About a decade ago, trucking firmOld Dominion Freight Lines (
) decided to extend its geographic reach well beyond its
traditional base in the Southeast.
The company rapidly worked its way across the U.S.,
establishing new branches, service centers and routes in the Gulf
Coast, Northeast, Midwest, Central Plains and on to the West
Old Dominion took advantage of its less expensive non-union
labor force to beat competitors on price, analysts say. It
continuously updated its technology to become more efficient. It
went public to raise money for
In the years since, the company has established itself as a
major player in the less-than-truckload (LTT) freight market,
which occupies a sort of middle ground between light package
delivery and heavy full-truckload freight.
"During its geographic expansion, Old Dominion added
substantial increases in overall market share in
less-than-truckload. They were taking share from weaker union
trucking companies that can't operate as profitably," said David
Campbell, logistics industry analyst at Thompson, Davis &
Today, Old Dominion operates in 48 states from coast to coast.
It operates international freight services to Canada, the
Caribbean, Europe, the Far East, Central America, South America
and points in between.
The company boasts 213 service centers and 28,000 tractors and
trailers. Its annual revenue has more than tripled over the past
decade, and it ranks No. 2 in market share among the 22 stocks in
IBD's transportation-truck group.
Meanwhile, Old Dominion's stock price has been on a steady
climb for many years. Shares hit an all-time high of 35.13 on
With most of its geographic expansion strategy complete, Old
Dominion's focus now is on growing business along its established
routes. This basically means signing on more customers on certain
routes so trucks traveling there can operate more efficiently and
"Instead of having one truck per day driving from Montana to
Chicago, for example, they'll have two trucks driving that
route," Campbell said. "There is a lot of growth potential in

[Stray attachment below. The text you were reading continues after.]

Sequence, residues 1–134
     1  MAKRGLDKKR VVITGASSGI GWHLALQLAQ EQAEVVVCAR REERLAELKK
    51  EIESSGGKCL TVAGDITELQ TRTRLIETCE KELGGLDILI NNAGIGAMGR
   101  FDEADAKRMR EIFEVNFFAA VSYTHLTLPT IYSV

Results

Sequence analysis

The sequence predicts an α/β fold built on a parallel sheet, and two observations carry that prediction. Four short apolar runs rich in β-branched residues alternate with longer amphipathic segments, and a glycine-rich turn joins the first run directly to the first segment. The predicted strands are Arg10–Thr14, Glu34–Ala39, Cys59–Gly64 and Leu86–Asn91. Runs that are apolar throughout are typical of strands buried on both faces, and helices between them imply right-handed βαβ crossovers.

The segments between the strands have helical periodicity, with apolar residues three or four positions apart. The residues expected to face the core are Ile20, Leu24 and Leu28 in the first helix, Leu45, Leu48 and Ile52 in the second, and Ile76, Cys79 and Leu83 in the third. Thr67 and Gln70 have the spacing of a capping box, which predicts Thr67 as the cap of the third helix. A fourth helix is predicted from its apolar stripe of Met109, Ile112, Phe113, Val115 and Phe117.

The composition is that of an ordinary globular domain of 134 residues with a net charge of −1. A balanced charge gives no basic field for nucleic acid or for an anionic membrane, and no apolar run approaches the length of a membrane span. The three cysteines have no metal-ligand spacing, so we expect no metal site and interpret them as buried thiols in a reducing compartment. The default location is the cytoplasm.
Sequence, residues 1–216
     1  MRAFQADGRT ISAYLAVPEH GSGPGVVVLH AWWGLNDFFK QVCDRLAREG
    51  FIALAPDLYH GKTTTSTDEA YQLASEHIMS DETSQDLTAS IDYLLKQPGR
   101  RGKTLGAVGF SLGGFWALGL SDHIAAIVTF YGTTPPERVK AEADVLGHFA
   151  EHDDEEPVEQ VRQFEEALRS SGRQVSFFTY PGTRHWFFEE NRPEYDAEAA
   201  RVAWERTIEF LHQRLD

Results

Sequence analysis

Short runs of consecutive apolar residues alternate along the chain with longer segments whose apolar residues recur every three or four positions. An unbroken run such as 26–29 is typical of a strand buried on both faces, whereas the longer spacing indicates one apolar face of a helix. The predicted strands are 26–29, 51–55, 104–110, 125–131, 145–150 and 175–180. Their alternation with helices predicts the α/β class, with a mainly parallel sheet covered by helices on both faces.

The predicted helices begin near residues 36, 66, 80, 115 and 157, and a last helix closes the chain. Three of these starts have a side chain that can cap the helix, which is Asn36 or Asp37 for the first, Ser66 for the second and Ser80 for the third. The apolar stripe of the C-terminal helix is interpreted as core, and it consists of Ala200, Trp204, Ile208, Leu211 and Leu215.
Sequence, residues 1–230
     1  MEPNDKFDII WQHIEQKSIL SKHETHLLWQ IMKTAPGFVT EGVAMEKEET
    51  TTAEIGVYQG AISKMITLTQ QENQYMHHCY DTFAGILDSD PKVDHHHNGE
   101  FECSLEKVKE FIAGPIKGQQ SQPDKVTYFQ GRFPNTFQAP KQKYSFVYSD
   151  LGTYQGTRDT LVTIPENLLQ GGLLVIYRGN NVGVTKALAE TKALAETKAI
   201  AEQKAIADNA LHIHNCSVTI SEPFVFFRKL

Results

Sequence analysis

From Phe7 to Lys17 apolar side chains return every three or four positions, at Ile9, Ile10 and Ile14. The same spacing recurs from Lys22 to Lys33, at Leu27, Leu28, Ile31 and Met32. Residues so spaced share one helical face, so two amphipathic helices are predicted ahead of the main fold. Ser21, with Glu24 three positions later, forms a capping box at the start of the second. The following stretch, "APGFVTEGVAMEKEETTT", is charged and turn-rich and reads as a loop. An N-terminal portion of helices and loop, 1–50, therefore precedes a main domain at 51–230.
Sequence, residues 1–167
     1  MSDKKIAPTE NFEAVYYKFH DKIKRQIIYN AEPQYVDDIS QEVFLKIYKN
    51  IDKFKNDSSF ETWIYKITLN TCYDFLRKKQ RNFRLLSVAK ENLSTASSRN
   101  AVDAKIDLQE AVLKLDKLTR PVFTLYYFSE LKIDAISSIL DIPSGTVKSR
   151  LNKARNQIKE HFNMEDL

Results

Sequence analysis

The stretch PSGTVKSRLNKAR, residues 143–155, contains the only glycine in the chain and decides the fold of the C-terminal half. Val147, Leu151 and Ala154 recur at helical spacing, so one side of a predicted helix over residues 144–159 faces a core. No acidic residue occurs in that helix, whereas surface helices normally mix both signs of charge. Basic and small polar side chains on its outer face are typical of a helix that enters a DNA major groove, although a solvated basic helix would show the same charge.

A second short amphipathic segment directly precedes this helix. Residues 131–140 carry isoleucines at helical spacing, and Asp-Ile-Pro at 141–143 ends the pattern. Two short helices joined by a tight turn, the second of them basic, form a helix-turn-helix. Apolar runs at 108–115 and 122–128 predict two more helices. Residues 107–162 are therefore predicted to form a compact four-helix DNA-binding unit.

terms of building more route density. To do so, they must get new
customers and shippers, and that involves having good and
To improve its service, Old Dominion updates and enhances its
computer and information technology systems every year to figure
out the most efficient routes to meet demand. Its logistical
systems and supply chain solutions are given high marks by
analysts as are its above-average industry margins.
"We believe Old Dominion is well positioned as the premier LTT
operator and expect it to continue to post above-industry
margins," Citigroup analyst Christian Wetherbee noted in a report
following Old Dominion's third-quarter earnings release.
Old Dominion's Q3 operating margin of 14.9% established a
company record for the third quarter. The margin was up 107 basis
points from the prior year, although it came in below some
estimates amid higher-than-expected expenses.
Financially, Old Dominion ranks as one of the best performers
in the trucking sector, if not the best. The company has run off
10 straight quarters of double-digit sales and profit growth.
Although its quarterly sales growth has decelerated the last
five quarters, watchers say part of that is due to the cyclical
nature of the trucking business.
"There's not a lot of industry growth recently," Campbell
said. "Overall, growth has slowed, but there still is some
growth. As long as there's some growth, they're OK."
Old Dominion logged third-quarter sales of $544.5 million, up
10% from the prior year. Earnings gained 31% to 59 cents a share,
topping consensus analyst views.
The company continues to post growth in the number of tons per
day it hauls, though that growth has been moderating.
Year-over-year tonnage growth was 6.6% in the third quarter vs.
9% during the second quarter.
On a monthly basis, the number of tons rose 8.9% in July, 6.3%
in August and 6.1% in September. Tonnage in October was growing
at a rate of 5.5% to 6% as of Oct. 25, according to a report from
JPMorgan analyst Thomas Wadewitz.
"Tonnage growth is better than peers, but moderating to
mid-single digits," he noted.
Although Wadewitz says Old Dominion's third-quarter results
were "a little less excellent" than usual, he still gave the
company high marks for its overall performance. He also called
Old Dominion the "best-in-class LTT name" and said the firm "is
likely to continue delivering strong execution."
The biggest stock in IBD's trucking group by market value
isJBHunt Transport Services (
), which specializes in full-truckload freight. It also has been
on a strong run of late, posting double-digit sales and earnings
gains in 10 of the past 11 quarters.
Old Dominion also competes against package delivery
specialists, such asFedEx (
) andUnited Parcel Service (
) as well as traditional freight truckers likeCon-way (
) and Yellow Roadway.
Analyst Campbell says Old Dominion's focus on a specific
market niche gives it an advantage over many of its rivals.
"The Old Dominion story is focused on less-than-truckload," he
said. "It's not focused on e-commerce or small packages. They
have a sharp focus, which helps drive their profit."
Analysts polled by Thomson Reuters expect Old Dominion to grow
full-year earnings 23% in 2012 and 14% in 2013.